What is Patient Experience? Definition, Measurements, and Example
What is Patient Experience?
There are many definitions of the patient experience. A global leader on improving the patient experience in healthcare, The Berly Institut defines the patient experience as a set of interactions and situations experienced by a person or their family and friends during their health care journey. These interactions with the health care system, including doctors, nurses, and other staff in the hospital, are shaped by the organization culture, that influence patient perceptions across the continuum of care*.
Despite the complexity to know which of those multiple definitions is right, there is a general agreement that the patient experience incorporates patient’s perceptions during his health care journey, and it is influenced by the organization’s actions during this journey.
(*): definition inspired by The Beryl Institute.
Why is it important to measure Patient Experience?
Measurement of patient experience is important because it provides an opportunity to assess the quality of services, monitor health care performance, and document benchmarks for health care organizations. It’s a real opportunity for healthcare providers to develop their own care practices or improve the existing ones so they can meet or exceed patients’ expectations.
Furthermore, organizations also want patients to return, to refer their friends and family, and to provide positive word-of-mouth about their health care experience. Although many patient experience measurement initiatives are still in development stages, several studies have reported care improvements after systematic collection and analysis of patient feedback.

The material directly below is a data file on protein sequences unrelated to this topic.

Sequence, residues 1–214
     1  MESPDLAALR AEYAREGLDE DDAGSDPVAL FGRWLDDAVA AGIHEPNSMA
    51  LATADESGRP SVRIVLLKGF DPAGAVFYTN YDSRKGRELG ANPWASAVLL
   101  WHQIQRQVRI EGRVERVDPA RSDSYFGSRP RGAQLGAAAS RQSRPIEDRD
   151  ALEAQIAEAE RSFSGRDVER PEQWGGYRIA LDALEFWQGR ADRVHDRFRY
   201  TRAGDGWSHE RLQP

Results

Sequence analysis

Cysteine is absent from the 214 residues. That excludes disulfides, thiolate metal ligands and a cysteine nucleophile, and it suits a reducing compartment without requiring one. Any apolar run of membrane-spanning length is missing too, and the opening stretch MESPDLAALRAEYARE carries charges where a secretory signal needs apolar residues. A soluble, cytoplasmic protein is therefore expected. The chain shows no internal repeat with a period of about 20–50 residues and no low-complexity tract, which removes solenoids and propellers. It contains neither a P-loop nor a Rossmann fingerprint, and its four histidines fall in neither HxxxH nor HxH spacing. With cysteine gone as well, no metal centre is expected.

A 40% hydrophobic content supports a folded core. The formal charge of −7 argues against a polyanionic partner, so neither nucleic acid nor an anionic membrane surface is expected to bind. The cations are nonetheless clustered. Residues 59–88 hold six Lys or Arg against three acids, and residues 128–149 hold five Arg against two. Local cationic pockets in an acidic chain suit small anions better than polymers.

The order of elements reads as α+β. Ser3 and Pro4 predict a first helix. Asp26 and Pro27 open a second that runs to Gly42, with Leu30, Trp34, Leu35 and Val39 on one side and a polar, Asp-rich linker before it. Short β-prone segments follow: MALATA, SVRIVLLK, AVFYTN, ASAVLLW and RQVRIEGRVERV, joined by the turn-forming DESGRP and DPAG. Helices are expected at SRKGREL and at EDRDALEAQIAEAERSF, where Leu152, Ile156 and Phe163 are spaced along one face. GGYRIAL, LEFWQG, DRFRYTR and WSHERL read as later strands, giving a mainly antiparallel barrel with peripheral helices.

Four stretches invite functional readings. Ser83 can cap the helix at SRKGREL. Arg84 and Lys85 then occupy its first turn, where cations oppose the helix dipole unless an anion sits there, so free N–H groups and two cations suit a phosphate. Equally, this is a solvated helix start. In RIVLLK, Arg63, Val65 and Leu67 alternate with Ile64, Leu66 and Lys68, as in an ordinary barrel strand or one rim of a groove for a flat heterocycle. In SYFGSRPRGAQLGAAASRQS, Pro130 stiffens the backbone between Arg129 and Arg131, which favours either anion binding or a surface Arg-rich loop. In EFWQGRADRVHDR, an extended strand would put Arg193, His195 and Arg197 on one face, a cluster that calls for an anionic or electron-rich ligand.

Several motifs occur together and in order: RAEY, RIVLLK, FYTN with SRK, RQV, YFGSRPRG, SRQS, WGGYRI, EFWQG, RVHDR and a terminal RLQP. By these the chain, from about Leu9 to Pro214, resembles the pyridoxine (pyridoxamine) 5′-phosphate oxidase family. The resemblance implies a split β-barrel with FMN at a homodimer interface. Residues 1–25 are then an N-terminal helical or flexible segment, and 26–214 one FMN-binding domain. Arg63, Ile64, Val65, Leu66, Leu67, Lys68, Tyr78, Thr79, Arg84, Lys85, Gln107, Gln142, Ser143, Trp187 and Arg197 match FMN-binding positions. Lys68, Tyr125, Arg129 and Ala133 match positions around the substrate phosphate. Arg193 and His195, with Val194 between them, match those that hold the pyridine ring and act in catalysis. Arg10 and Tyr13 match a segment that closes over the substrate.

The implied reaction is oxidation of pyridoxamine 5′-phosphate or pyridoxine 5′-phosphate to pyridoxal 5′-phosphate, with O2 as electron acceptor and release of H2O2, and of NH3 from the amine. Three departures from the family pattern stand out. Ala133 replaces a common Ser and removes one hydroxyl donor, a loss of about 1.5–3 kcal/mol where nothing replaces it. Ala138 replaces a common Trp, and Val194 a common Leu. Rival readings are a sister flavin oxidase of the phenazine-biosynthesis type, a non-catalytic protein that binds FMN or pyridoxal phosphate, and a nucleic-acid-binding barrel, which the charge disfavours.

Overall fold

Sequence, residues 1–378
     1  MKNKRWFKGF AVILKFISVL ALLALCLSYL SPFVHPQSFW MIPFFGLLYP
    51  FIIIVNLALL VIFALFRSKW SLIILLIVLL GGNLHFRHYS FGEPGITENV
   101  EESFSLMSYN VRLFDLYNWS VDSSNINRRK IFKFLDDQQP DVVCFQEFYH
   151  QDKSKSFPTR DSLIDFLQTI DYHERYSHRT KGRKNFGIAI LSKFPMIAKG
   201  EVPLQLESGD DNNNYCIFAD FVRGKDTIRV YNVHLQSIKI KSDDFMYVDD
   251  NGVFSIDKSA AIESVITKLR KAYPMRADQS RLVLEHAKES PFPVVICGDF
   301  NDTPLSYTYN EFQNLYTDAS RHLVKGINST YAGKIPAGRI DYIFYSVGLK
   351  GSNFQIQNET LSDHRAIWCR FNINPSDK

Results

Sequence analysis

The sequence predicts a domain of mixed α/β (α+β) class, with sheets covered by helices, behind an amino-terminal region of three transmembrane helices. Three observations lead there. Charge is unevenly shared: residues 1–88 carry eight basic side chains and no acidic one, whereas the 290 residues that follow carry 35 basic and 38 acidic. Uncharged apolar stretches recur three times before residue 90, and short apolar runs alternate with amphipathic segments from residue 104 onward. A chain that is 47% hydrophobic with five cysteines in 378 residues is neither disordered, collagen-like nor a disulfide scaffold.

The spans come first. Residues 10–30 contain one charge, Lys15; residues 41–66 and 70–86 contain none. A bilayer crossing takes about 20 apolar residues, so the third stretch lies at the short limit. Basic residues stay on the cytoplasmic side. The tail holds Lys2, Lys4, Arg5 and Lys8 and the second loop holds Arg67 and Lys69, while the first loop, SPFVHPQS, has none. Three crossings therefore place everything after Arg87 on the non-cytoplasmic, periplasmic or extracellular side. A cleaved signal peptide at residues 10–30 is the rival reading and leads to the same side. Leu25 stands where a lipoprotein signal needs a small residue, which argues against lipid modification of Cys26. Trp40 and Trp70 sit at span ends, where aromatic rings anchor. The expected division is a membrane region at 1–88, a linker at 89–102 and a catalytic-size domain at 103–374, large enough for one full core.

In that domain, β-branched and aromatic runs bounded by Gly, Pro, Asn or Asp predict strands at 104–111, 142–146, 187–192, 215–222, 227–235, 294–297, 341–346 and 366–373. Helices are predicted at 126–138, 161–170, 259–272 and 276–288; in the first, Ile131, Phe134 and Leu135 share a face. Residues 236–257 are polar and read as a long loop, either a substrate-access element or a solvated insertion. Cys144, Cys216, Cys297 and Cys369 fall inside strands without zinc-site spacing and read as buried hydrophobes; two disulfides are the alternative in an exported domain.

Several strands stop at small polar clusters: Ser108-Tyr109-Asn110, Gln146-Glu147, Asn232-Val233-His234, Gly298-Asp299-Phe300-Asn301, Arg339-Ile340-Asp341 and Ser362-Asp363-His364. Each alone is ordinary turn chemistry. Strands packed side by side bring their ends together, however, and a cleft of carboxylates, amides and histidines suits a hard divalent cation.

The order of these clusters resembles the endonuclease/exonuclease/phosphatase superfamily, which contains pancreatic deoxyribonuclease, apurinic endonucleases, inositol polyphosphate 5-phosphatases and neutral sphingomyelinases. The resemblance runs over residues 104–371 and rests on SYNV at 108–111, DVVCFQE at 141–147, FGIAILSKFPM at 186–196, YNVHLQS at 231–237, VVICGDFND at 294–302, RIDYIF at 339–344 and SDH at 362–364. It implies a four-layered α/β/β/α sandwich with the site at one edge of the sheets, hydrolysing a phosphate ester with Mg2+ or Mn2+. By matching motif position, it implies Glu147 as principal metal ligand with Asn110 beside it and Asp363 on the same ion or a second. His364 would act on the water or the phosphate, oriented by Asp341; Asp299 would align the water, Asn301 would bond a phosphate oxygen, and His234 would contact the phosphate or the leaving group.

How to measure Patient Experience?
Lavela and Gallan (2014) in their article Evaluation and measurement of patient experience said that measuring patient experience can be accomplished using a quantitative, qualitative, or mixed-methods approach. The quantitative survey approach is by far the most widely used. It’s easier and faster to analyze and relies on larger samples, which allow using statistical tests to study the relationship between different variables and to compare certain groups of individuals. Closed-ended survey questionnaires are among the most common form of quantitative measures of patients’ experience. There are several structured questionnaires that measure patient experience or components of patient experience such as CAHPS Surveys, CPES, NHS Patient Surveys, CQI, etc.
The downside of the quantitative approach is that it doesn’t allow the respondent to provide answers and express his feelings but only to choose from a list of pre-selected options. This is the reason why an increasing number of studies are highlighting the strength of the mixed methods approach.
The mixed-methods approach includes both quantitative and qualitative methods and it helps to gain broader perspectives than would be achieved by using one predominant method alone. It lies not only in obtaining the “full picture,” using the quantitative approach but it also allows to get rich, qualitative data using the subject’s own knowledge and feelings. It offers the opportunity to obtain an in-depth understanding of patient perceptions and behaviors and the meanings they attach to their experiences, that quantitative alone doesn’t provide. The mixed-methods approach allows to answer the “what” (quantitative) and the “why” (qualitative) of patient experience. It helps to explain the results provided by the closed-ended part of the questionnaire through the analysis of the open-ended part of the questionnaire or other sources of feedback or additional qualitative data collection using interviews or focus groups with patients.